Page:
Thursday, January 11, 2018

Paying the rent by selling xerox copies, or other things, more an improbability in today's economy

Interesting how the price of a xerox copy hasn't changed much since my college days in the late 1970s. Around 5 cents. Back then, making copies usually met putting nickles in the copy machine. There were a lot of them located in Wilson Library at WWU. A few places were more expensive. The copy machine at the City Library was 10 cents a copy.

Late 70s early 1980s saw the advent of retail copy outlets. Buying in bulk could get the price lower; like 3 cents a copy. There hasn't been much inflation in the world of xerox copies and many other goods and services that make up our economy and provide wages. That's probably why wages tend to be lagging behind inflation. For large segments of the workforce, wages are based on the price that businesses can get for the goods and services they provide. Technological advance, outsourcing, and competition tends to keep prices down. In some fields, like computers, prices drop.

Meanwhile prices in just a few sectors of the economy have gone up. For instance housing. When I was in college, I rented a room in Bellingham for $55 per month. That was a pretty good price even back then, but it would be unthinkable today. Healthcare is a lot more expensive also. Another big change is tuition at colleges. No wonder people who work providing inexpensive goods and services have trouble affording these things.

Somehow, we need to deal with the growing gaps in our economy. The discrepancies between various sectors. This isn't necessarily the problem of inflation or stagnation.

Seems like part of the problem is that we look at the economy as if were one monolithic block. Then we ask does it need stimulation or do we need to damp down inflation? Problem is, the economy is not one monolithic block. One set of gas or brake peddles no longer makes sense. Today's problem relates to the vast and growing discrepancies between different people and sectors of the economy. That needs to be addressed through various means such as graduated taxes.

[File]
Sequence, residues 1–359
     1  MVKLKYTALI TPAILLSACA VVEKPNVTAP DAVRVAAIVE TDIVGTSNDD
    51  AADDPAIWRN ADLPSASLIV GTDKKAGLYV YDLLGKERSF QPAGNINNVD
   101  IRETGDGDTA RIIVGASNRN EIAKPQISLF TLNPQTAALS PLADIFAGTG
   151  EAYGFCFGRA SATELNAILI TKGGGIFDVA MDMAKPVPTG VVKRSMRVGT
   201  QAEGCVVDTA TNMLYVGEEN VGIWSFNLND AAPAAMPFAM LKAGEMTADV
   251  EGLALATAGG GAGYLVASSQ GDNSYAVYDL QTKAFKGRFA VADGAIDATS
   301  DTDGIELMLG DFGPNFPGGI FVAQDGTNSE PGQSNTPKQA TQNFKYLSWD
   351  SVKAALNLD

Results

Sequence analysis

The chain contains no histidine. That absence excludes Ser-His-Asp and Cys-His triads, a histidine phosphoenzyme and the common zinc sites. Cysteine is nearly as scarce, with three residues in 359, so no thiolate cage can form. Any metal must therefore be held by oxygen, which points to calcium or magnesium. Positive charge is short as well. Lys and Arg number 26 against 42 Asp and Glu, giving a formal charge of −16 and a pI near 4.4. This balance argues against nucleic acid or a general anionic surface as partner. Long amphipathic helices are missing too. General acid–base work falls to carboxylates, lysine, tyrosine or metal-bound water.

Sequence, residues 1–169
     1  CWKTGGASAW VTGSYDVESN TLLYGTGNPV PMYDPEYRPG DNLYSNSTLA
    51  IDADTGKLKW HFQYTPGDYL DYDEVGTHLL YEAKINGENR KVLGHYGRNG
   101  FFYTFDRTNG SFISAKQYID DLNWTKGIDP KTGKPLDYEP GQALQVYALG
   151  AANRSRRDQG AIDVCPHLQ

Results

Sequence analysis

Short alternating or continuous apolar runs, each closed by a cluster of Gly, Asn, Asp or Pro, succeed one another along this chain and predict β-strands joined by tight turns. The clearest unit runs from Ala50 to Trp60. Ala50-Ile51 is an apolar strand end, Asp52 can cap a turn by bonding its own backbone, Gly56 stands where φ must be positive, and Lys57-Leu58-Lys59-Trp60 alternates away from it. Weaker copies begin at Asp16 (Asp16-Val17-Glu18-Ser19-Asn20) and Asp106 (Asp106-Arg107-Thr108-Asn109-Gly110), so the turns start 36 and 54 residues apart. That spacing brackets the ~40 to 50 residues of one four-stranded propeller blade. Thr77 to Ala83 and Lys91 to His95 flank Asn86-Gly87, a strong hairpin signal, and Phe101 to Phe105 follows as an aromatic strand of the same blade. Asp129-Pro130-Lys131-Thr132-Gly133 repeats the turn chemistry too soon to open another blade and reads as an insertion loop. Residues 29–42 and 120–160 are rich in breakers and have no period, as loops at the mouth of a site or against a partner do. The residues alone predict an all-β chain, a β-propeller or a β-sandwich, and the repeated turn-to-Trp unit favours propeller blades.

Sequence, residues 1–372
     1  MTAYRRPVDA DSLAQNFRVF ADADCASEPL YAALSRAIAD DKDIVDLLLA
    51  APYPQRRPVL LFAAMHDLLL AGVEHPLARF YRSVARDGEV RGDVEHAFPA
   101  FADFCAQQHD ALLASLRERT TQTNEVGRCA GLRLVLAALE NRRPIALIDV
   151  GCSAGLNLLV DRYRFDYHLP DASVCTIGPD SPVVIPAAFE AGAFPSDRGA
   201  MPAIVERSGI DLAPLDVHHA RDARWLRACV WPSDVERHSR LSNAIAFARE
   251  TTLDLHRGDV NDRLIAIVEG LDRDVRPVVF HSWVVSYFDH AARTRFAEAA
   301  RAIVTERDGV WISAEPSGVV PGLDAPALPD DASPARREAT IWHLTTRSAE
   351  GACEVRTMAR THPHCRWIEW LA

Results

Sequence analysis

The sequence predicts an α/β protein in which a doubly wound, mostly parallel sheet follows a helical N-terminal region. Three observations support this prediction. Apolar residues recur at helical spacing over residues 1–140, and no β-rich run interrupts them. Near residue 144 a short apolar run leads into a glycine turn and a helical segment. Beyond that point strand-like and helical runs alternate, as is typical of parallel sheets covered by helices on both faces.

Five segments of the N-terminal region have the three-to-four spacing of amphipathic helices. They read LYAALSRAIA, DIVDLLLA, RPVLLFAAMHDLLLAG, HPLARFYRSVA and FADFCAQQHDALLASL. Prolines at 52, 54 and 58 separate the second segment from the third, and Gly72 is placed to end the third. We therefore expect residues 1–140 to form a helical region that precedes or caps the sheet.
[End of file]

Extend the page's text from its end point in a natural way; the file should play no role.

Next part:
This problem has many implications such as battles over where to set the minimum wage where one side wants to raise it so people can afford to live while the other side says it will cost jobs since businesses may not be able to raise their prices accordingly. This especially may effect small business and businesses where the top executives don't make huge salaries. Of course in the businesses where the top makes huge salaries, they can redistribute within the business, but not all businesses are in that position.

Another implication of this problem is environmental. People often feel that the road back to being able to afford the cost of living is increasing prosperity. Just sell more stuff. Problem is we are drowning in stuff and revving up the economy has serious implications for things like the carbon footprint. Serious implications for our psychology as well if life becomes a rat race filled with overtime work. We really need to figure out how to have quality rather than quantity when it comes to prosperity. Part of quality is less discrepancy in wages, prices and so forth within the economy.

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